Voices Carry

By: Mariah Stewart


The nightmare always began the same way.

Outside, the monotonous drone of cicadas would drift through the sultry midnight air. There would be faint light from the single bare yellow bulb that hung outside, over the front door, and cast a small pale spot of illumination within. Cheap handmade curtains, pulled back tightly to one side to permit the maximum amount of still air, hung on windows screened against mosquitoes and all those other things that flew about at night.

She lay upon her cot, her light brown hair tousled around her child’s face, curled in sleep that had been long coming. She’d been willful that day, sneaking off during morning meditation to pick flowers to take to her older sister who’d been confined in the camp’s infirmary with another of the recurring headaches that had plagued her that summer. One of the counselors had reported the girl’s transgression to Brother Michael, and he’d chastised her—though not by name—before the entire camp at the end of evening prayers, rambling on and on about how some little camper’s spirit needed purification. She’d been standing near the back of the group that gathered in the prayer circle, and hadn’t been able to see him—she’d gone just about all summer without seeing his face—but she knew he’d been talking about her. Just about everyone knew that she’d been the one who’d made a forbidden raid on the flower garden that afternoon.

She’d been surprised at having been let off with nothing more than a public berating. It had been well worth a few moments embarrassment to see her sister smile at the offer of a few daisies and the handful of pretty stones, stones that could be rubbed for luck and hidden under the pillow while she waited for her headache to wane.

Only the sympathetic glances from some of the older girls as she’d passed them on her way to her cabin had disturbed her. She’d lain awake that night for a long time after lights out, trying to decipher what exactly it was that she’d read in their faces. After several hours of trying to define what she did not understand, she’d finally fallen into a sleep so deep that she hadn’t heard the cabin door open.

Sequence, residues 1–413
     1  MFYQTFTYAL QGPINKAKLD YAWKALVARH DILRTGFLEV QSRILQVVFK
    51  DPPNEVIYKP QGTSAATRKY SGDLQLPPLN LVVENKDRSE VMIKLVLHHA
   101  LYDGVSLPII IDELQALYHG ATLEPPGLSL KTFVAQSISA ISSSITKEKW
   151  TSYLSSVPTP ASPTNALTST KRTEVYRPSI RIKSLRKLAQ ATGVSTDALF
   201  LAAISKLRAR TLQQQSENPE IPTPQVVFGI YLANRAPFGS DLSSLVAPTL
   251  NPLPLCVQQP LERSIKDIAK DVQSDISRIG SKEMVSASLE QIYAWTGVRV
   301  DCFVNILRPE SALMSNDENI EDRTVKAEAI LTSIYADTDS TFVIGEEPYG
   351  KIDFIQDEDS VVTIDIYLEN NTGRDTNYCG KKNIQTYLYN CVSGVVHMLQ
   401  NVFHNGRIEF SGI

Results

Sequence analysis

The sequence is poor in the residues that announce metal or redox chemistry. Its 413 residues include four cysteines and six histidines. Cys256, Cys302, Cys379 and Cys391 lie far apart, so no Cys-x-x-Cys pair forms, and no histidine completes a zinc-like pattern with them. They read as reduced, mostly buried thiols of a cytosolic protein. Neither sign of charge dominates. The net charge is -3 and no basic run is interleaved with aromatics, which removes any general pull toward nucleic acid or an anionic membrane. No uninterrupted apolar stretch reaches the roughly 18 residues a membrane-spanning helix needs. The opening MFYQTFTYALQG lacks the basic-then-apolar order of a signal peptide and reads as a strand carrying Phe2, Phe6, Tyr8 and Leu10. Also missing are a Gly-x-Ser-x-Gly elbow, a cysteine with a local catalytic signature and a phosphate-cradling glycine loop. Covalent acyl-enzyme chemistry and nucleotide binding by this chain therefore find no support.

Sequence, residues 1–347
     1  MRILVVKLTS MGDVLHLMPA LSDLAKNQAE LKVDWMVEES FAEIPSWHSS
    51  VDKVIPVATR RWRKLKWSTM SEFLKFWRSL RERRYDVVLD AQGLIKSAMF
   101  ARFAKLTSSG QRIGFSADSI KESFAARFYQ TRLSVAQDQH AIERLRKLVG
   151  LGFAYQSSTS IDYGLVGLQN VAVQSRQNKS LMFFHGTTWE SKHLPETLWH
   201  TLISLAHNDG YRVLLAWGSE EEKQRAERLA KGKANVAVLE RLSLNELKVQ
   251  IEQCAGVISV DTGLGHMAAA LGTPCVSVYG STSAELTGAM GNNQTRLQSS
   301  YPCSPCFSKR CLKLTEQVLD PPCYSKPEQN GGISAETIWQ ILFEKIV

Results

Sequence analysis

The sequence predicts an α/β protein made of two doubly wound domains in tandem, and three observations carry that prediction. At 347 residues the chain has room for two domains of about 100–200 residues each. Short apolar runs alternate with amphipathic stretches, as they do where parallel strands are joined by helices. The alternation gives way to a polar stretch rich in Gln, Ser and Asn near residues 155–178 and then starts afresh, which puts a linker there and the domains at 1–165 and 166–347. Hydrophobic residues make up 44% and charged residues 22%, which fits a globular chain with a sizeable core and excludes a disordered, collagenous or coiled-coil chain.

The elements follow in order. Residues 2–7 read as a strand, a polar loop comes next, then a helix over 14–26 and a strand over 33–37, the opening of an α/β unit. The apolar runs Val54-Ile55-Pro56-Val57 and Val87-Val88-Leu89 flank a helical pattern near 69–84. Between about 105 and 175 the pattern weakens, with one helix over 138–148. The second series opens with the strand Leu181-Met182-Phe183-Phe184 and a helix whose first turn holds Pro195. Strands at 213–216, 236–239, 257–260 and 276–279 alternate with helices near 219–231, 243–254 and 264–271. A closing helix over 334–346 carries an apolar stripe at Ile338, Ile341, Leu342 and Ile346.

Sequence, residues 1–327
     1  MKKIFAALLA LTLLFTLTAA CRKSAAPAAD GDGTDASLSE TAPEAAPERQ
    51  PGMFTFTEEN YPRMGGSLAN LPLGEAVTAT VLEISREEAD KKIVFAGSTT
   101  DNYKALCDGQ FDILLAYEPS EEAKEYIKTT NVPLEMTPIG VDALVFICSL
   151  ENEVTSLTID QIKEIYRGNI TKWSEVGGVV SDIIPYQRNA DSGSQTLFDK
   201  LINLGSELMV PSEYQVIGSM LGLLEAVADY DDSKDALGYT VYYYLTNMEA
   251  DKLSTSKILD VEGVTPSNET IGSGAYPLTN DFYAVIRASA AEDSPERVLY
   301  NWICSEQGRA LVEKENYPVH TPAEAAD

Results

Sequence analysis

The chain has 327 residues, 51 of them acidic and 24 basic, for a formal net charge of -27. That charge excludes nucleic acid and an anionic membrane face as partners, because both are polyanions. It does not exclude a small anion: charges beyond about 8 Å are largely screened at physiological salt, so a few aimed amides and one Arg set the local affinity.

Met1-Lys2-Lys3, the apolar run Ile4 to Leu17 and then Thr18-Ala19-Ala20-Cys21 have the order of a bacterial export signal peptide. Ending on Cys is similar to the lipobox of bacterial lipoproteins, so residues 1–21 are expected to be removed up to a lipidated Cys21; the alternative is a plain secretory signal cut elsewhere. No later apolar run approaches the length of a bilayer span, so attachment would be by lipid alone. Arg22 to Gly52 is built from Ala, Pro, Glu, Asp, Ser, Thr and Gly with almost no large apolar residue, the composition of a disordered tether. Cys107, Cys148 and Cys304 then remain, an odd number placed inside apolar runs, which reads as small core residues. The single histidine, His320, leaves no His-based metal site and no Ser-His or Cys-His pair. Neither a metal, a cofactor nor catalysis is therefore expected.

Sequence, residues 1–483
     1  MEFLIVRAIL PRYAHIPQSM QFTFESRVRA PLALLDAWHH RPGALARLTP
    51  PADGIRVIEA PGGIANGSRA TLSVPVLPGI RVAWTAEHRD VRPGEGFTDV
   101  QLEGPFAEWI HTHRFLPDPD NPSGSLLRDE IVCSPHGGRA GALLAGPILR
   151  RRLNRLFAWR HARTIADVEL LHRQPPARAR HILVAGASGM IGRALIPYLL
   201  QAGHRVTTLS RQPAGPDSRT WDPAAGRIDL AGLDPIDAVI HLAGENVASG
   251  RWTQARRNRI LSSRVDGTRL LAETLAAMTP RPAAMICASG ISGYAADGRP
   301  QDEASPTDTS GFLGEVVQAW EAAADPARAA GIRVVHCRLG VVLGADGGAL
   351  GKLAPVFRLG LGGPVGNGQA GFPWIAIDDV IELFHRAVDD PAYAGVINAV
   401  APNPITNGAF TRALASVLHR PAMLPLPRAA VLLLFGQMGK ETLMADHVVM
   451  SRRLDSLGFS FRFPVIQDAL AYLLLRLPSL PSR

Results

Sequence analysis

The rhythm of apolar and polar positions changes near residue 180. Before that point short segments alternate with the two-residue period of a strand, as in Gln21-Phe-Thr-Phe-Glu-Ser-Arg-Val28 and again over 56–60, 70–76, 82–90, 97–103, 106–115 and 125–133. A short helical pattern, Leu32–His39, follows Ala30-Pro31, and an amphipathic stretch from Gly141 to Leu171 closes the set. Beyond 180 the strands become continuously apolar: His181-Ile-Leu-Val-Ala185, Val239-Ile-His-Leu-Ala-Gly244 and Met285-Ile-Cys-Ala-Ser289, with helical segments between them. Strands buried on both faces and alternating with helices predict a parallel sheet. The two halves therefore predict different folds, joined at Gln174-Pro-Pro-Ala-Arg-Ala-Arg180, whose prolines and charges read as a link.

Hadn’t felt the thin blanket being drawn down, nor the hands that had, with practiced deliberation, lifted her from her bed and carried her with measured steps out of the cabin and into the night.

It wasn’t until he stumbled on the path, jolting her, that she’d awakened, disoriented and confused.

“What… ?” she muttered.

“Hush,” he’d whispered gruffly.

“But where are you…” She attempted to twist away from him, but his arms only tightened around her.

“Hush, I said.”

“But I don’t want…”

Damp grass tickled her bare feet as she was lowered to the ground in one quick motion. One strong arm tightened around her neck, the hand clasped over her mouth.

He dragged her along, the light of the moon dimly illuminating the path into the dense woods before them and playing off the gauzy white robe that hid all but his hands.

She struggled, fear surging through her thin limbs with every step that he forced her to take.

“I’ve been watching you, Genevieve. You are headstrong and disobedient and in need of purification,” he said in a low voice, not quite a whisper, now that they were on the path leading down through the woods toward the playing fields below, far away from the cabins. “It is my duty to consecrate your body and drive away the impiety that infects your spirit.”

“Let me go.” She kicked blindly backward, catching his right knee with the sole of her foot.

He grunted as her small foot hit its mark, then punished her with a blow to the back of her head with his fist.

“I can see that you will require more than the usual hallowing.” He spoke softly, calmly, directly into her right ear.

“Help! Hel—”

The hand clasped over her mouth again, and he dragged her farther into the woods, her heart racing frantically as she struggled against his strong arms.

Everyone knew that something bad lived deep in the forest, back beyond the pines. It was whispered among the younger girls that the woods were haunted, and sometimes late at night, she had thought she’d heard hushed cries carried on the sultry night wind. She, like the others, had sworn to never go past the dense wall of pines that bordered the end of the soccer field. She squeezed her eyes tightly closed. If one of the dreaded specters lurked about, she was pretty sure she didn’t want to see it.